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    Opinion | Gary Samore and Alex O’Neill

    Trump and Putin face an urgent arms control deadline in Helsinki

    FILE - In this Sept. 21, 2017 file photo, President Donald Trump listens during a meeting with Japanese Prime Minister Shinzo Abe at the Palace Hotel during the United Nations General Assembly, in New York. Security and trade will loom large during President Trump’s first official visit to Asia, which gets underway Sunday, Nov. 5, 2017, in Japan. North Korea’s missile and nuclear weapons program is likely to dominate the first part of his trip, which includes stops in Seoul and Beijing as well as Tokyo. Trade will figure throughout, both in North Asia and at stops in Southeast Asia for the annual APEC summit in Vietnam and the ASEAN leaders’ meeting in the Philippines. (AP Photo/Evan Vucci, File)
    Evan Vucci/Associated Press/File
    President Trump at a meeting on Sept. 21, 2017, with Prime Minister Shinzo Abe of Japan, during the United Nations General Assembly in New York.

    As US-Russian relations continue to deteriorate, Presidents Trump and Putin appear eager to find common ground on arms control when they meet in Helsinki on Monday. The reason for their urgency is clear: The framework that has stabilized the US-Russian strategic balance since the fall of the Soviet Union is in danger of collapsing.

    While there seem to be no easy solutions to our differences over Crimea and Syria, and no prospects of satisfactory answers to charges of cybercrime and election-meddling, arms control appears rather straightforward by comparison. The United States and Russia share a strong interest in avoiding a destabilizing arms race. Above all, both countries understand that increasing the number of deployed nuclear weapons would make the world a more dangerous place.

    Meaningful progress on arms control would represent an important first step toward rebuilding lost trust in Russian-American relations. A productive, good-faith negotiation would establish a foundation from which diplomats could reach for more ambitious goals.

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    Trump should agree now to extend the New Strategic Arms Reduction Treaty (New START) for five years, per Article XIV of the original agreement. The deal was signed in 2010, achieved full implementation earlier this year, and will expire in February 2021 if not extended.

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    Extending New START is essential to preserving strategic stability. The treaty limits the United States and Russia to 1,550 deployed warheads and facilitates detailed information-sharing and mutual inspections. Thus far, the parties have exchanged more than 15,000 notifications and performed 15 on-site inspections. If these verification measures were to end, the risks of misperception and miscalculation would rise sharply and compound the escalatory pressures of unbridled nuclear rearmament.

    Moreover, the restrictions imposed by New START help keep arsenal maintenance costs down. The Congressional Budget Office estimates that the United States will spend $1.2 trillion over the next 30 years to modernize a “nuclear force roughly the same size as it is today.” Participating in a nuclear arms build-up would be much more expensive.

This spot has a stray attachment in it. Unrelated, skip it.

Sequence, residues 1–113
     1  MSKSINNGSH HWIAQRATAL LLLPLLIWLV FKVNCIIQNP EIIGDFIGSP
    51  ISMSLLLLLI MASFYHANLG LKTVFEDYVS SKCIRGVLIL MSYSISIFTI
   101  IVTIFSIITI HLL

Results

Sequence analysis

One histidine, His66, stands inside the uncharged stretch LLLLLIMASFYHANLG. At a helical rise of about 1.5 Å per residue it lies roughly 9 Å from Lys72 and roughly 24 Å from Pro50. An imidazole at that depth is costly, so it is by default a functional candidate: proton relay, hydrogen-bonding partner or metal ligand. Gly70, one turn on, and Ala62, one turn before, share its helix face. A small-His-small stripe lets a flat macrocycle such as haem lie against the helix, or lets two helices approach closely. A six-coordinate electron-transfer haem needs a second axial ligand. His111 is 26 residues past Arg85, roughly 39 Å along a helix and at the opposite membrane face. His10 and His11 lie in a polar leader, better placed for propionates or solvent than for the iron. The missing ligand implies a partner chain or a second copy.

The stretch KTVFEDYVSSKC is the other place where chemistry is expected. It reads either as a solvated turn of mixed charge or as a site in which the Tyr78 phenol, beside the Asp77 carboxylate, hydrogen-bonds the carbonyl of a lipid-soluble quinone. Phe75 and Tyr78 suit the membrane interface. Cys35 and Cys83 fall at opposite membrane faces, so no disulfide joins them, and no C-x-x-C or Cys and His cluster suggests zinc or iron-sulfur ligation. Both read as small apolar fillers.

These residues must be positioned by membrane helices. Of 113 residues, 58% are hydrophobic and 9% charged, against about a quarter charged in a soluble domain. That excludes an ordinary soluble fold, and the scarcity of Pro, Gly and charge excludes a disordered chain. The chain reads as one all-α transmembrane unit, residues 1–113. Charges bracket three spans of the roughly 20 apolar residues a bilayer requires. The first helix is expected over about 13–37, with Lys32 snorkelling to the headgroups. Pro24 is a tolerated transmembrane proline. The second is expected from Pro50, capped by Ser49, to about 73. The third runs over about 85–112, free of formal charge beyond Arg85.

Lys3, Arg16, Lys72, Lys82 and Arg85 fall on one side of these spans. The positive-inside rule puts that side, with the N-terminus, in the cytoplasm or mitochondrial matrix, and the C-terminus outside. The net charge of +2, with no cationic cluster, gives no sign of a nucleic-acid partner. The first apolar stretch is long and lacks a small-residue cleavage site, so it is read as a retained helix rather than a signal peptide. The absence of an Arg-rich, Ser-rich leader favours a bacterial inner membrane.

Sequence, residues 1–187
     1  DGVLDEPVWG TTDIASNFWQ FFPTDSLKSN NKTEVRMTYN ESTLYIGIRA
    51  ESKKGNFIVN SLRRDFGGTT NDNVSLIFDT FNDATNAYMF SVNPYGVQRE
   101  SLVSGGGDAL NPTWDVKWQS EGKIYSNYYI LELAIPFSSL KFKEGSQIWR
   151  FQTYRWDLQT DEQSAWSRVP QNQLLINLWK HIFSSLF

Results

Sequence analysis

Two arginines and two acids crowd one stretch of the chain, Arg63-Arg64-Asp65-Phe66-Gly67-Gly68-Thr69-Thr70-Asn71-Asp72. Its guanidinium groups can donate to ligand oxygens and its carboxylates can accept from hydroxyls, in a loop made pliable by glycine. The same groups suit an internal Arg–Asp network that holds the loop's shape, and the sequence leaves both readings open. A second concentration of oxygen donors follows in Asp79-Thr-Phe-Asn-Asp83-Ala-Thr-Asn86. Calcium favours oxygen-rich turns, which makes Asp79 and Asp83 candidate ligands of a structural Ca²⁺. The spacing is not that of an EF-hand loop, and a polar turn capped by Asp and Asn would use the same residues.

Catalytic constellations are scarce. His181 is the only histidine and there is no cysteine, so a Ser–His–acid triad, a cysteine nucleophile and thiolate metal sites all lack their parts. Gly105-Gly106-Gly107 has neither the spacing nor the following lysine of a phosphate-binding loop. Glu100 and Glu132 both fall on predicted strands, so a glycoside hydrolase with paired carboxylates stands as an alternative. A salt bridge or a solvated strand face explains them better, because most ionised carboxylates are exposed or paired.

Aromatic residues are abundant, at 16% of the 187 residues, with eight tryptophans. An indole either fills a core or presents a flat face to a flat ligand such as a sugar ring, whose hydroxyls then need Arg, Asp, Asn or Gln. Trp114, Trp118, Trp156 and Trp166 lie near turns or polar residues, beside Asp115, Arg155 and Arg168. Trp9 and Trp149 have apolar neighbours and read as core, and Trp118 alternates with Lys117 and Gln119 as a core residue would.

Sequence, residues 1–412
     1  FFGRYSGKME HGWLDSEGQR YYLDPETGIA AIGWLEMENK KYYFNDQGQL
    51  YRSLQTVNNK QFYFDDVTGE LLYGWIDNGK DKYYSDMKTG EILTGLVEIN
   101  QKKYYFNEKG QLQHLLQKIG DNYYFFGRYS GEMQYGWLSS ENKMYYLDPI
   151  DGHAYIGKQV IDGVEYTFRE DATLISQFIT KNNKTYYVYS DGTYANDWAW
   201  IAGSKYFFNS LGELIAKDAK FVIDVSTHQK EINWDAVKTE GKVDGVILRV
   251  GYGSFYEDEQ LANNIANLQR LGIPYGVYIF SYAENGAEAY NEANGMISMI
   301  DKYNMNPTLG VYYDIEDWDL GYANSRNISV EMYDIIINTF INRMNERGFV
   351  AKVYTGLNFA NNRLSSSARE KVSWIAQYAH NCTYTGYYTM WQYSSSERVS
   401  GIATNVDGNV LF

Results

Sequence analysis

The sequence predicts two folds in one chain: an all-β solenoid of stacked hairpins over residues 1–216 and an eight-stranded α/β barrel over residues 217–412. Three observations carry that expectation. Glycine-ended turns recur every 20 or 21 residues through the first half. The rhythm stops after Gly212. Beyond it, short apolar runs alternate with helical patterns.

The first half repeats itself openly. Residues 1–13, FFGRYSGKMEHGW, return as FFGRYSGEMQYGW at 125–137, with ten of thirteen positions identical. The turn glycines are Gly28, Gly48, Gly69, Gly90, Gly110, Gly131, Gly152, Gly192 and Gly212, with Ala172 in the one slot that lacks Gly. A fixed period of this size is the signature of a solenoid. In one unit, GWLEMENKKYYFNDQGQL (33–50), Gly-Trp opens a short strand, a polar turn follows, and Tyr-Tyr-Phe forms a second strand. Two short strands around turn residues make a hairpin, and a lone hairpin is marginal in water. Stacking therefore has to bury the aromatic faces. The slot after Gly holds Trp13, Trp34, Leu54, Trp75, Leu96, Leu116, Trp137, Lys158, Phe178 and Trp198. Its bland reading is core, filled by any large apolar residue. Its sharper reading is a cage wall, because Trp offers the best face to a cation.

Overall, New START has been a resounding success. Heather Nauert, the State Department spokeswoman, put it best when she remarked that the “implementation of the New START treaty enhances the safety and security of the United States and our allies and makes strategic relations between the United States and the Russian Federation more stable, transparent, and predictable.”

    So why agree to extend New START now when the treaty does not expire until February 2021? We believe there are two key reasons.

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    The first is that granting an extension — one of Putin’s top priorities — could be part of a broader effort to revive arms control efforts between Washington and Moscow. Trump could, for example, package New START extension with a proposal to revitalize the Bilateral US-Russian Presidential Commission on arms control. Among other issues, the commission could seek to resolve the ongoing dispute over both countries’ compliance with the Intermediate Nuclear Forces Treaty. It could also discuss ways to manage emerging military technologies like hypersonic glide vehicles and anti-satellite weapons that threaten to undermine strategic stability.

    The second is that prolonging New START now would eliminate some of the uncertainty that surrounds the future of arms control. Waiting until the 11th hour to extend or replace the treaty would force both countries to prepare for a world without strategic arms limitations and monitoring protocols. Moreover, negotiating positions can change with time. Putin’s enthusiasm about a New START extension may wane as the global threat landscape evolves. Above all, even if it does not lead to progress on other arms control issues, securing a New START extension is itself a major victory.

    The Helsinki summit presents a unique opportunity for Trump to achieve tangible progress toward reviving arms control efforts with Russia. Failing to capitalize would be a major setback for his foreign policy and the country’s national security.

    Gary Samore is executive director for research at the Belfer Center for Science and International Affairs at Harvard’s Kennedy School and former White House coordinator for arms control under President Obama. Alex O’Neill is a junior at Yale and a student associate at the Project on Managing the Atom at the Belfer Center.